Michael Carroll, Executive Editor, Albany Government Law Review Member
“McGinn, Smith invested nearly all of [Mr.] Steinkirchner’s life savings into a high-risk investment fund . . . ‘It virtually destroyed his retirement plan’ . . . ‘He had to go back to work.”
McGinn, Smith, a once prominent investment firm in Albany, New York, has been accused by the Securities and Exchange Commission (“SEC”) of “running a $136 million [Ponzi] scheme that funneled cash from hundreds of investors into a sex-themed cruise line operation and other highly speculative businesses while funding a lavish lifestyle for [the] company[‘s] founders.” According to the SEC, the alleged Ponzi scheme primarily concerned McGinn, Smith’s sale of private placement securities to over 900 different investors. The SEC’s complaint alleges that the private placements carried “a high-degree of risk” due to the fact that these securities were unregulated and illiquid. McGinn, Smith allegedly sold these products to investors by promising high rates of return (in some cases 13%) while reassuring the clients that the investments were safe. The SEC’s complaint states that at least one investor claimed that he was “steered . . . away from investing in blue chip stocks like General Electric as too risky, and [was] told . . . that the Fund private placements were safer investments.”
Since the beginning of 2010, and prior to the SEC lawsuit, several former McGinn, Smith customers were awarded damages in arbitration actions against the investment firm. In fact, the author of this article worked on a successful arbitration action filed against McGinn, Smith while serving as a Law Intern in Albany Law School’s Securities Arbitration Clinic. Additionally, as of April 2010, former customers of McGinn, Smith have been awarded over $3 million in damages by arbitrators, and one attorney practicing in the Albany area claims to be handling 10 more arbitration actions against the firm. For these aggrieved customers, there is a risk that they may never recover their losses. Currently, McGinn, Smith is in receivership, and the first report of the receiver calls into question whether the firm’s assets will be sufficient to cover its liabilities. Potentially, this could leave investors from the Capital District (and elsewhere) with no chance of recovery.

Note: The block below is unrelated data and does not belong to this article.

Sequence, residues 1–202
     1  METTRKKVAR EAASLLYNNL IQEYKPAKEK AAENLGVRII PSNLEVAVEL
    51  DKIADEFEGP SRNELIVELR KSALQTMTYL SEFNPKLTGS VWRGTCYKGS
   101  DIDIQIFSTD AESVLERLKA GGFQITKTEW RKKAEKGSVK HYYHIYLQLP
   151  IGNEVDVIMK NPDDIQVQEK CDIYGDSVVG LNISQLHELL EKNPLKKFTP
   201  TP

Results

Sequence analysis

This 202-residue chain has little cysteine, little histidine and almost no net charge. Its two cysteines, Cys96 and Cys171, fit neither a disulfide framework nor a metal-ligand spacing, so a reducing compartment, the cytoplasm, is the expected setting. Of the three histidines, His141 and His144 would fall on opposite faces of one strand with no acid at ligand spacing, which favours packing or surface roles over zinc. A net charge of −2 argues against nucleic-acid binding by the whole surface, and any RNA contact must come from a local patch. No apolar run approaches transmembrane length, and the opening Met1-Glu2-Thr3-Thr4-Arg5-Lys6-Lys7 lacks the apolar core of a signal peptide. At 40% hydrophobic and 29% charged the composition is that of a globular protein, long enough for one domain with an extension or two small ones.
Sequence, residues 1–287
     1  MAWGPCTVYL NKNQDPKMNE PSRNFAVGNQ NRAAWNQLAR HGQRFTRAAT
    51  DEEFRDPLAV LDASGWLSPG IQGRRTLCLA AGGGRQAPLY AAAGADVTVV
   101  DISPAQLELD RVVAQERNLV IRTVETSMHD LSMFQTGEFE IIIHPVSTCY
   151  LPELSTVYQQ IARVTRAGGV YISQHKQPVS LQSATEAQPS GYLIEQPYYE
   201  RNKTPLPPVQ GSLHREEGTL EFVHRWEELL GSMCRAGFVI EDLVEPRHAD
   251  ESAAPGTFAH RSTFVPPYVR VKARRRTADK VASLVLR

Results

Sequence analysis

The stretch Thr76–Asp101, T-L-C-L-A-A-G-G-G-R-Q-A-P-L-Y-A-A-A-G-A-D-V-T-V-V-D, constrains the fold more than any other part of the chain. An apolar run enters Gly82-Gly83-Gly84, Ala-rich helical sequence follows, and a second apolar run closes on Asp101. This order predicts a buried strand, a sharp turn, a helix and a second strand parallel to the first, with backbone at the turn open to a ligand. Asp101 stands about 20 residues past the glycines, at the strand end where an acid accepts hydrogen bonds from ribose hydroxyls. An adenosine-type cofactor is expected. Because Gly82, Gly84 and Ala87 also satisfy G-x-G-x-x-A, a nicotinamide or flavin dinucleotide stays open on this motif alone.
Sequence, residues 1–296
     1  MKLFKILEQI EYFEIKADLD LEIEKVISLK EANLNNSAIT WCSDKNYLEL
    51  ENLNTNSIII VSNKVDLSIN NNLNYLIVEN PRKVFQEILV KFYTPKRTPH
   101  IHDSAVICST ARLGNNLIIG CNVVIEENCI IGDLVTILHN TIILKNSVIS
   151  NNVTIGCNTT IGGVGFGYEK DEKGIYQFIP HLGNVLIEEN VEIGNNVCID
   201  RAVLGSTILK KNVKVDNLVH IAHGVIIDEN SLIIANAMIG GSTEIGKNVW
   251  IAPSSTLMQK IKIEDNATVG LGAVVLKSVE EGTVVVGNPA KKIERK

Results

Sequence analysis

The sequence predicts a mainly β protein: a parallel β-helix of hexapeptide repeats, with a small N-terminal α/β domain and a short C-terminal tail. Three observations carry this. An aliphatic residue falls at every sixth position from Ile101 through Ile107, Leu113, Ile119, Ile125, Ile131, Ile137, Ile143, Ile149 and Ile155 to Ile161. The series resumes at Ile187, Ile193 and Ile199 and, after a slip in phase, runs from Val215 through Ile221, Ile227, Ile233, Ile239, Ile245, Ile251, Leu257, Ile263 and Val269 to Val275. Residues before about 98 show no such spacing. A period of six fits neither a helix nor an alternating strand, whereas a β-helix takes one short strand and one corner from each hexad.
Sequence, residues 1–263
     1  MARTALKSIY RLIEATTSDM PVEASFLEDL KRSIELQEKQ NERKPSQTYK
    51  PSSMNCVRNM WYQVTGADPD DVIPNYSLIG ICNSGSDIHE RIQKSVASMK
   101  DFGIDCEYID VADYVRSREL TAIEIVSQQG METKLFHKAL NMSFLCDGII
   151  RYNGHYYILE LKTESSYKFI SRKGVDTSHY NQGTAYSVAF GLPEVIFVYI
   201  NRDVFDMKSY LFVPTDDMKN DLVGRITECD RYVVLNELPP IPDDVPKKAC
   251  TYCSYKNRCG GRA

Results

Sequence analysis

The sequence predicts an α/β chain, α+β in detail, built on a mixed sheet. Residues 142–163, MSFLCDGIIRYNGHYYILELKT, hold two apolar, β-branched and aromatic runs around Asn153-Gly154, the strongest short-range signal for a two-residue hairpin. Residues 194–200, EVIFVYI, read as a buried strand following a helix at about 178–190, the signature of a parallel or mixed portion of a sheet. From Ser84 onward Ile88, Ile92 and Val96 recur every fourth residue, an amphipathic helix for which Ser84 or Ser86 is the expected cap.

Unfortunately, this is not a unique circumstance. In 2001, an estimated 33% of securities arbitration awards throughout the United States “were not fully paid.” In 2004, this rate was cut in half, as 15% of awards were unpaid. Today, after the recent financial market collapse, it is safe to assume that defrauded investors will continue to face the prospect of never receiving arbitration awards from their fraudulent or out-of-business brokers. This paper will briefly explain the securities arbitration process, analyze why unpaid awards should be reduced or eradicated, and evaluate two proposed solutions for resolving the issue of unpaid awards.
What is Securities Arbitration?
After the United States Supreme Court’s decision in Shearson/American Express v. McMahon in 1987, arbitration has been the primary forum used to “resolve disputes between individual investors and broker-dealer firms.” FINRA, an organization created in 2007, oversees the securities arbitration process. Customers of brokerage firms “typically . . . initiate arbitration proceedings. . . . [And] the majority of claims . . . involve disputes related to brokers’ sales practices.” One claim that customers typically assert against their brokers involves allegations that the broker recommended “unsuitable investments.” Before making a recommendation to buy, sell, or hold a security, a broker must “have reasonable grounds for believing that the recommendation is suitable for such customer upon the basis of the facts.” These facts include the customer’s financial status, tax status, and investment objectives.